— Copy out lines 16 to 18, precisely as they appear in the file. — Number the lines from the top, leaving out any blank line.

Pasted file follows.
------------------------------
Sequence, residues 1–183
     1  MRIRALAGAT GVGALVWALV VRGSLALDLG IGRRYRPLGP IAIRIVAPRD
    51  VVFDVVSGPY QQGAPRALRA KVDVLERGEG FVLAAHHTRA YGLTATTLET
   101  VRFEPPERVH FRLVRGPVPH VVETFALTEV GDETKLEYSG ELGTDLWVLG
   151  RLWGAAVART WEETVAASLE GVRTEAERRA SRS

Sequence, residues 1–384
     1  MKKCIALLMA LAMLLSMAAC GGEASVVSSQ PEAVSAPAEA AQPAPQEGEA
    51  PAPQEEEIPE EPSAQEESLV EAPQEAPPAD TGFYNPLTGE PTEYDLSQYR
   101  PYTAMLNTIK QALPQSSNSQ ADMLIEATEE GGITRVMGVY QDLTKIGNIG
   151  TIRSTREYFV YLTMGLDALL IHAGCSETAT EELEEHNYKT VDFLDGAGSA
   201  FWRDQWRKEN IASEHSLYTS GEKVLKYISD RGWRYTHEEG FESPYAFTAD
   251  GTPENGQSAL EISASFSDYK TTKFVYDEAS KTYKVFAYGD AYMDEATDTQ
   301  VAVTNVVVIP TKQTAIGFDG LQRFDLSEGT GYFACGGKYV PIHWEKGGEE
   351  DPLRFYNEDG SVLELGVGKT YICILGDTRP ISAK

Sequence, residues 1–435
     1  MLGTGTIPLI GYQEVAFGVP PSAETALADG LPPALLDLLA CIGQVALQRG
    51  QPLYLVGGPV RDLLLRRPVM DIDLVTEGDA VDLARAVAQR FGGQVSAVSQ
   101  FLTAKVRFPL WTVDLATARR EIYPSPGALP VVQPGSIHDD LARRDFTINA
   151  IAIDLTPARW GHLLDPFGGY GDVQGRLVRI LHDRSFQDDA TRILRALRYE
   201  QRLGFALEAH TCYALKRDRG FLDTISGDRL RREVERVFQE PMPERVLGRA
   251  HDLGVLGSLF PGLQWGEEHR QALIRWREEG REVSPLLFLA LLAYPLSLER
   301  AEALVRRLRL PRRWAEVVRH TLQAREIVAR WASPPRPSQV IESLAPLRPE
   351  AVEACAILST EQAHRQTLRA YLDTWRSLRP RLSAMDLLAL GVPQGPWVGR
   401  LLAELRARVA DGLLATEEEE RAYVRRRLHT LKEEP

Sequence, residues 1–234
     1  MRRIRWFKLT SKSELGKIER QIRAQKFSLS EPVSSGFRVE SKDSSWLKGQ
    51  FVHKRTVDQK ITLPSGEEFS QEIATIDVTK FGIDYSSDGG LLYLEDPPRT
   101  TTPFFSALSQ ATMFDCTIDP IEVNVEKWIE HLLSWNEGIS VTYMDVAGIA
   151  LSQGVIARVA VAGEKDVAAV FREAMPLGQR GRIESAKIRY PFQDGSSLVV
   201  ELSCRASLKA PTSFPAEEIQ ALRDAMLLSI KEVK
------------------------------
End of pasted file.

     1  MLGTGTIPLI GYQEVAFGVP PSAETALADG LPPALLDLLA CIGQVALQRG
    51  QPLYLVGGPV RDLLLRRPVM DIDLVTEGDA VDLARAVAQR FGGQVSAVSQ
   101  FLTAKVRFPL WTVDLATARR EIYPSPGALP VVQPGSIHDD LARRDFTINA